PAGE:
The latest developments in Kurdish-Russian relations might be indicative of even deeper cooperation and convergence between the 2 nations.
The latest developments in Kurdish-Russian relations might be indicative of even deeper cooperation and convergence between the 2 nations, as new petroleum deals will inevitably have political ramifications. Rosneft and Gazprom Neft seem very intent on increasing their presence in Kurdistan, with the former walking an extra mile by venturing into Kurdistan's infrastructure segment.
The KRG (Kurdistan Regional Government)-Rosneft pre-payment deal, signed this February, has successfully laid the groundwork for future rapprochement.
Under the conditions of the deal, Rosneft is reported to prepay $1 billion to the Kurdistani government in advance payments in return for Kurdish crude supplies for the next 3 years.
The 1st Kurdish cargo has already been delivered
in April by Rosneft's trading arm to Trieste, from where it was pumped up to Rosneft's minority-owned German refineries.
The recently held St. Petersburg Economic Summit brought along a new Rosneft-KRG deal, this time granting Rosneft access to E&P assets within Iraqi Kurdistan (the Russian company signed a preliminary PSA contract for unspecified 5 exploration blocks), as well as transportation infrastructure.
is also bound to gain access to the main conduit of Kurdish exports, the Kirkuk-Ceyhan pipeline, for expanding the pipeline's capacity from the current 700 000 bpd to 1 000 000 bpd.
Albeit not made explicit, the Kurdish government might be also interested in foreign assistance in linking the region's southern fields (including the Gazprom Neft-controlled Garmian block) to the existing transportation infrastructure, as currently these are deprived of pumping oil directly towards Ceyhan.
It is not only Rosneft which wants to increase its foothold in Kurdistan, but also Gazprom Neft.
As opposed to Rosneft, Gazprom Neft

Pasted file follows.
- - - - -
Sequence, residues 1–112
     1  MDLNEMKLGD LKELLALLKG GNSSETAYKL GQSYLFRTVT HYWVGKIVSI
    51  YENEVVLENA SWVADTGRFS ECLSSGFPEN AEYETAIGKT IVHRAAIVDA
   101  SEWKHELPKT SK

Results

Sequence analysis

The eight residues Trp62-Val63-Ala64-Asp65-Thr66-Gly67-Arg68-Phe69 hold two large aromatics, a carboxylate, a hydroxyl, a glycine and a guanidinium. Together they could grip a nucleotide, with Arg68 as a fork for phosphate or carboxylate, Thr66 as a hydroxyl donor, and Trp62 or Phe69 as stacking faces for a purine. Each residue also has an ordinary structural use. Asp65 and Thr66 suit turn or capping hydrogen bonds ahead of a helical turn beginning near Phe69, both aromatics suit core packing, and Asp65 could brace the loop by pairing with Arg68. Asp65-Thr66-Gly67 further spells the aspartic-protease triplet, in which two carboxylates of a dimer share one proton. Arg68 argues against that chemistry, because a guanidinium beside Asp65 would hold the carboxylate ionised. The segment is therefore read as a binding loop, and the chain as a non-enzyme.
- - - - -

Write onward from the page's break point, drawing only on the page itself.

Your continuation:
is already present in Kurdistan, acting as an operator in 3 blocks in Southern Kurdistan.
The Garmian field has been refurbished so as to allow for a swift production ramp-up in the next few years, as the company expects a hike from the current 10 000 bpd to 25 000 bpd by 2020.
The other 2 fields, Halabja and Shakal are expected to be brought onstream in 2018.
Gazprom Neft might be granted new licences in so-called disputed territories, recently reconquered by the Kurds from IS, possibly even the undeveloped 280 Mmboe Qamar field or other adjoining blocks.
Kurdistan, according to current estimates, holds 40-45 billion barrels of oil and in case the current territorial control structure remains intact, this might increase even further as one would also include the Kirkuk Area.
Moreover, Iraqi Kurdistan is also rich in gas, with the KRG estimating its 3P gas reserves at 5.67 TCm.
Kurdistan's gas sector is significantly underdeveloped
, also from the infrastructure point of view - even accounting for a stable rise in domestic consumption with gas gradually replacing oil in power-generation units.
Erbil would have 10-15 BCm surplus production to export by the early-2020s.
Russian companies have so far been quite prudent in investing in gas projects abroad, however, the Rosneft communique does, in fact, mention that the strategic cooperation
might move towards the gas sector, too.
As surplus Kurdish gas is most likely to be marketed in Turkey, it would make sense for Russian companies to get involved to hedge against possible roadblocks with regard to TurkStream.
Refining might be another direction in which the Russian and Kurdish side might be interested in Kurdistan's 2 relatively large refineries, Kalak and Bazian (both owned by Kurdish companies), ought to be modernized and expanded so as to satisfy Iraqi Kurdistan's increasing gasoline and diesel needs, which are supplied from Turkish refineries.
The Regional Government has recently brought up the subject of constructing 3 new refineries, yet so far the initiative made little headway.
Erbil has so far carefully trodden its path towards gradual recognition by leading international powers and it is unlikely to change course anytime soon.
In this, it needs support from Russia, United States, Turkey and many other regional actors.
The independence referendum set for September 25 will fortify Kurdistan's bargaining positions vis-à-vis Baghdad and strengthen KRG's hold over its oil & gas dealings.
In this vein, the recent rapprochement between Iraqi Kurdistan and Russia
seems to break new ground - not only are the Russian companies significantly bigger than the ones currently present in Kurdistan with the notable exception of ExxonMobil, they also bring a new element, government backing.
Sounds like a win-win situation.